EX-2.HTM 3 exhibit2.htm LETTER DATED OCTOBER 13, 2008 exhibit2.htm
Exhibit 2
October 13, 2008

Mr. Edward Liddy
Chairman & Chief Executive Officer
American International Group, Inc.
70 Pine Street
New York, New York 10270

Dear Ed,

I am attaching our plan to save AIG.

As you know, AIG is in crisis.  The loan from the Federal government to AIG, as it is currently structured, will result in the liquidation of AIG, the loss of thousands of jobs, and the irretrievable loss of billions of dollars in shareholder value.

The loan is for a two-year term and carries approximately a 14% annual interest rate, including a 8.5% annual rate whether AIG takes down the loan or not, plus a 2% one-time commitment fee.  To the extent AIG actually draws on the loan facility, it pays additional interest at the annual rate of LIBOR.  Consequently, the loan carries an actual interest rate in excess of 14% and on top of that, the government receives 79.9% of the ownership of AIG.  Bottom-line, this means that AIG cannot pay off this loan from the proceeds of selling assets in this market, nor can it pay the annual interest rate from earnings.  As a result, thousands of jobs will be lost, pensioners will lose their savings, and millions of shareholders will be disenfranchised.  It is a lose/lose plan.

On the other hand, if the loan were changed to non-voting preferred stock, with an approximately 5-6% dividend and a 10-year right of redemption for AIG at a 10% premium, this could be turned into a win/win situation.

Please see the attached plan for further details.


/s/ Maurice R. Greenberg

Last month, AIG’s Board of Directors entered into an agreement with the Federal Reserve Bank of New York to obtain a two-year, $85 billion credit facility (the “Credit Facility”).  The Credit Facility requires AIG to pay a 2 percent one-time commitment fee and interest of 8.5 percent per annum on undrawn capital (the rate on drawn capital is LIBOR plus 8.5 percent).  The deal also includes the issuance of super-voting preferred stock that is intended to deliver ownership of 79.9 percent of AIG to the United States Treasury.

The transaction is a “lose/lose” for all concerned.

By requiring AIG to pay interest on money it does not borrow, the agreement encourages the company to draw down the full amount of the loan even if it does not need the capital.  In order to service the principal and interest on this loan, AIG will have no choice but to engage in a fire-sale of profitable assets.   The likelihood of being able to do so at reasonable prices in today’s market decreases with each passing day.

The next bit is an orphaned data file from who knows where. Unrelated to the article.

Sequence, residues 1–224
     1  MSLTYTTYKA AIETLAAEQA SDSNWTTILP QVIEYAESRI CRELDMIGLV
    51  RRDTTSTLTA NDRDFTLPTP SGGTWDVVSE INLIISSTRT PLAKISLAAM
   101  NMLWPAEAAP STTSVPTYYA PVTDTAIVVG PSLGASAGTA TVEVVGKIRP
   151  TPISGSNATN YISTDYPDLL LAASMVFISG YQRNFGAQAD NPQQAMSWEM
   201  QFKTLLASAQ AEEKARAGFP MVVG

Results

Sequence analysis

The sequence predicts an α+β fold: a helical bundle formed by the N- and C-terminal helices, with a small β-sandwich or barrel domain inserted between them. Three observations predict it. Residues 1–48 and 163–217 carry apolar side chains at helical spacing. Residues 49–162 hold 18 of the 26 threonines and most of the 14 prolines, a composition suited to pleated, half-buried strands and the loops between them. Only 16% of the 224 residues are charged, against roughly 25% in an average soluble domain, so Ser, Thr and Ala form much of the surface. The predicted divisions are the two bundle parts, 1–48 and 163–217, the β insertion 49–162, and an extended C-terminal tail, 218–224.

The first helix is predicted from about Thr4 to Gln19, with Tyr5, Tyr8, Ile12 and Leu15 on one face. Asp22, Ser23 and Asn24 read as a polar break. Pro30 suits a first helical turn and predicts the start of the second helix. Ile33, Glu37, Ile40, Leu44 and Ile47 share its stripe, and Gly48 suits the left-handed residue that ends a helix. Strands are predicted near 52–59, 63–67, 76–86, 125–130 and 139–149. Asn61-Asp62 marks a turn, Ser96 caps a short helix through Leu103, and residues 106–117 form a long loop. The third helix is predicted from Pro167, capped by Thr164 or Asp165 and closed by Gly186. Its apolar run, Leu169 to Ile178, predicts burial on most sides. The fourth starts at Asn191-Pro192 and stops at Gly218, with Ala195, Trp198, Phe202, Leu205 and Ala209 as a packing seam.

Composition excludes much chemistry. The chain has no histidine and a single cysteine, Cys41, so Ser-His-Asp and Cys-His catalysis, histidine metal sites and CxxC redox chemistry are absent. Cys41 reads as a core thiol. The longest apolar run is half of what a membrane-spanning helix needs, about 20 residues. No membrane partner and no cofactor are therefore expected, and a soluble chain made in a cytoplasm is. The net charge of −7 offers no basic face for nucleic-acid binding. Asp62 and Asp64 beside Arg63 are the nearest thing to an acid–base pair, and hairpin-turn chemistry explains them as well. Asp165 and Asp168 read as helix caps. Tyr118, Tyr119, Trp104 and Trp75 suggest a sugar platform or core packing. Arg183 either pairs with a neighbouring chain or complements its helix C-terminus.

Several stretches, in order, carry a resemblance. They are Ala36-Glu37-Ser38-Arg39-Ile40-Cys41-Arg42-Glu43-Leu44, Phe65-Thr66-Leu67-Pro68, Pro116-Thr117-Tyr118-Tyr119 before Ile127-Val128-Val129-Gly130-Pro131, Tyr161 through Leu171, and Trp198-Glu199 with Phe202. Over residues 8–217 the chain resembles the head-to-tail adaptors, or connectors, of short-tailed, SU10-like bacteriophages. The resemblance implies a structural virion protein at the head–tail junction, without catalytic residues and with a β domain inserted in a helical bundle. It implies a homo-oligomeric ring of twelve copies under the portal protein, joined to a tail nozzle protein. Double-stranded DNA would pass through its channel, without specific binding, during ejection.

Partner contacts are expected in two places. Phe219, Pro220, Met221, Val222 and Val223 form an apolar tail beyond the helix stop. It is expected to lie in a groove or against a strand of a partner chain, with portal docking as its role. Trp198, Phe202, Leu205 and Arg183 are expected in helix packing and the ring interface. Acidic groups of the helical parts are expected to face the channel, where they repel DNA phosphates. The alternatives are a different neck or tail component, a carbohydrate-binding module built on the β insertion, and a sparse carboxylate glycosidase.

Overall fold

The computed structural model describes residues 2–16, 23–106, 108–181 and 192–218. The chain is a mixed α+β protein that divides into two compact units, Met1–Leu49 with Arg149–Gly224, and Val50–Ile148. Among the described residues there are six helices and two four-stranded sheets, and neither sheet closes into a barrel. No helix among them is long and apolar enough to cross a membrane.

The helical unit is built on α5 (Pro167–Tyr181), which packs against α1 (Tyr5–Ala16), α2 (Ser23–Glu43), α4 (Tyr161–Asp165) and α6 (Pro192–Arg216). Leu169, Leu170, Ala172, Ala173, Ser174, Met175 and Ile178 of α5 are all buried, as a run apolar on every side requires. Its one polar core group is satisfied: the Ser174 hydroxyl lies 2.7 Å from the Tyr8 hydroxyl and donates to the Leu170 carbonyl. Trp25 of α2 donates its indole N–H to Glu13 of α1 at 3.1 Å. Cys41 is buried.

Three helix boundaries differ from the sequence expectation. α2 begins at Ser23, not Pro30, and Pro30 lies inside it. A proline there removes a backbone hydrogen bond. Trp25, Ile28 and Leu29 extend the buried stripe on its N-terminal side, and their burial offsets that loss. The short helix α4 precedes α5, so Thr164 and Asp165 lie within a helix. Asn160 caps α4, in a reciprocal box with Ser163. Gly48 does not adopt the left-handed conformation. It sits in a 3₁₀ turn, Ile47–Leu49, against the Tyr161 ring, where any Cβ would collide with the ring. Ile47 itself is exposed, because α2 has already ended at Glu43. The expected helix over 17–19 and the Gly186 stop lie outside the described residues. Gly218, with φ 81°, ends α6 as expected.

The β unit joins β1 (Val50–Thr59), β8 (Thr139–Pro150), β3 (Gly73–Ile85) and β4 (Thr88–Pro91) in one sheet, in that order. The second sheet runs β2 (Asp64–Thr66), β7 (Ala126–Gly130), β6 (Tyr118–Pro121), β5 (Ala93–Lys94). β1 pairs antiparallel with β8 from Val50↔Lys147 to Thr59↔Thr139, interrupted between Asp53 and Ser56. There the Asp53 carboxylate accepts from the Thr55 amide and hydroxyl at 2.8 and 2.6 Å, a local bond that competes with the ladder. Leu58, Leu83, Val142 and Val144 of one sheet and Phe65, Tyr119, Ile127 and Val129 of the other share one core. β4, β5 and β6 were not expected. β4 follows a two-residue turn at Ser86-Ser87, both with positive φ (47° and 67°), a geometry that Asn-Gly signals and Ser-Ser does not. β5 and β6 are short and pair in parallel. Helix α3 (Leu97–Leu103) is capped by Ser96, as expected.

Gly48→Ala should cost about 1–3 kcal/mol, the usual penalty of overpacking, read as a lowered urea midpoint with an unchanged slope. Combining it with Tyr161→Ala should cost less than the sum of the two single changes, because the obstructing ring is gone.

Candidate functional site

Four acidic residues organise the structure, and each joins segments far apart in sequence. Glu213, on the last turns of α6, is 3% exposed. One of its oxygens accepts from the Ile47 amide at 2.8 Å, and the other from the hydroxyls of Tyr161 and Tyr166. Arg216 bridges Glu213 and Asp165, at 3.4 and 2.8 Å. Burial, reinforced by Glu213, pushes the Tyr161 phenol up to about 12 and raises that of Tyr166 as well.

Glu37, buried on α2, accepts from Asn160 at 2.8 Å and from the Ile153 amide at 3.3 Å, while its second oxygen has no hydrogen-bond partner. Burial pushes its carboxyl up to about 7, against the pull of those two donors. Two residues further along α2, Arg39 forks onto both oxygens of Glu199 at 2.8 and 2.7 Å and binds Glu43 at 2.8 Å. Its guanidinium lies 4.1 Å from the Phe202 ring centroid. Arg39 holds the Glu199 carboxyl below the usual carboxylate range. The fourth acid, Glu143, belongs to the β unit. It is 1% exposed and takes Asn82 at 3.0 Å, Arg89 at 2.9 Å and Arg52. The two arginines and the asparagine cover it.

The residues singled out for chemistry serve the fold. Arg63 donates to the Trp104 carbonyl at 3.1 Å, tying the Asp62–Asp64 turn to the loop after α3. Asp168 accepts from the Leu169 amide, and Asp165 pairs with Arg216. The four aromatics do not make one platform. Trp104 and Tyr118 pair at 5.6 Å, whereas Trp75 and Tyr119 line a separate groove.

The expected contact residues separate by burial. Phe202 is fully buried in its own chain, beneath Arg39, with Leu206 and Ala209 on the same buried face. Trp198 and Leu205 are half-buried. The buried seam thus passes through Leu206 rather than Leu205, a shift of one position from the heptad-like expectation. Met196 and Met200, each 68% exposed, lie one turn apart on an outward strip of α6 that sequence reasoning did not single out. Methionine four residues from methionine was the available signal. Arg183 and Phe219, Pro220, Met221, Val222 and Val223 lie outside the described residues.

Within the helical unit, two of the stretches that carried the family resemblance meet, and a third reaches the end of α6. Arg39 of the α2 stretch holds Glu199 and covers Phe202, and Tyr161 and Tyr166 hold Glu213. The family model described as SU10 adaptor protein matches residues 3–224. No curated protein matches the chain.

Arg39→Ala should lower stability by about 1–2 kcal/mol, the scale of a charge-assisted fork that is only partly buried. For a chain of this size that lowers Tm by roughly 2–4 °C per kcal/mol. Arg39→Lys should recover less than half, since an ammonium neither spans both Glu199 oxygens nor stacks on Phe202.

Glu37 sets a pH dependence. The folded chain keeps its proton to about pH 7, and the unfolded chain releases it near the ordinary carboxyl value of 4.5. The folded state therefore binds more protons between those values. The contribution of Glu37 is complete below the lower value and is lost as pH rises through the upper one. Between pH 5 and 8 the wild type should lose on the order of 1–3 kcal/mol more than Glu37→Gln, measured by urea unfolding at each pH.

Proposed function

Forcing AIG into liquidation will damage irreparably its tens of thousands of workers, pension funds that are significant AIG stockholders and retirees and millions of other ordinary Americans who are AIG stockholders, among others.  Thousands of jobs will be lost and employees’ savings wiped out.

At a minimum, AIG should be afforded the same borrowing terms as other companies.
Since the time the Credit Facility was entered into, the Federal Reserve has stepped up direct lending to scores of financial institutions and, for the first time last week, to non-financial institutions.  They are able to borrow on terms far less onerous than those imposed on AIG (the discount window primary credit rate for October 9th was 1.75 percent).

AIG has more than $1 trillion in assets, including key AIG assets that already act as security for the $85 billion loan facility.  That security provides sufficient protection to American taxpayers.  It is not necessary to wipe out virtually all of the shareholder value held by AIG’s millions of shareholders, including scores of ordinary Americans.

Who is the winner in this scenario?  It is hard to find one, except perhaps for certain of AIG’s transactional counterparties, who faced exposure in the tens of billions of dollars if AIG had filed for bankruptcy protection.
Although time is of the essence, it is not too late to change the terms of the AIG deal and protect the interests of both the American taxpayer and the numerous AIG employees, stockholders and others that will be impacted by AIG’s liquidation.

The terms of the Credit Facility and preferred stock issuance could be amended into a “win/win” as follows:

The government would acquire non-voting preferred stock in AIG that pays a 5 or 6 percent annual dividend.  This would be a respectable spread over the cost of money to the Federal Reserve.

AIG would have the right to redeem the preferred over a period of 10 years at a 10 percent premium.

Such a plan would have an immediate impact on the market and would save AIG from being liquidated.  The United States would retain a great company, jobs would not be lost, share value would increase, and sales of assets could be undertaken in a more orderly fashion than what is currently contemplated.

If need be, AIG would raise third-party funds, and could ultimately have a Rights offering at a time when markets are more stable and the sale of assets, as indicated, could take place in an orderly manner.

The role of government should not be to force a company out of business, but rather to help it to stay in business, especially a company that has been the pride of its industry.

Such a plan should get a positive response from the rating agencies which could lead to the possible reduction in collateral calls, which is one of the issues burdening AIG.  Moreover, AIG would be eligible to sell some of its toxic securities to the new $700 billion fund, and finally, there might be some modification in mark-to-market accounting rules that could provide some relief during these turbulent times until the markets stabilize.  If the foregoing occurs, AIG could in all likelihood redeem the preferred in less than 10 years.

The above steps would provide a very positive signal to the market and would be a step forward toward restoring confidence and stabilizing the broader financial system.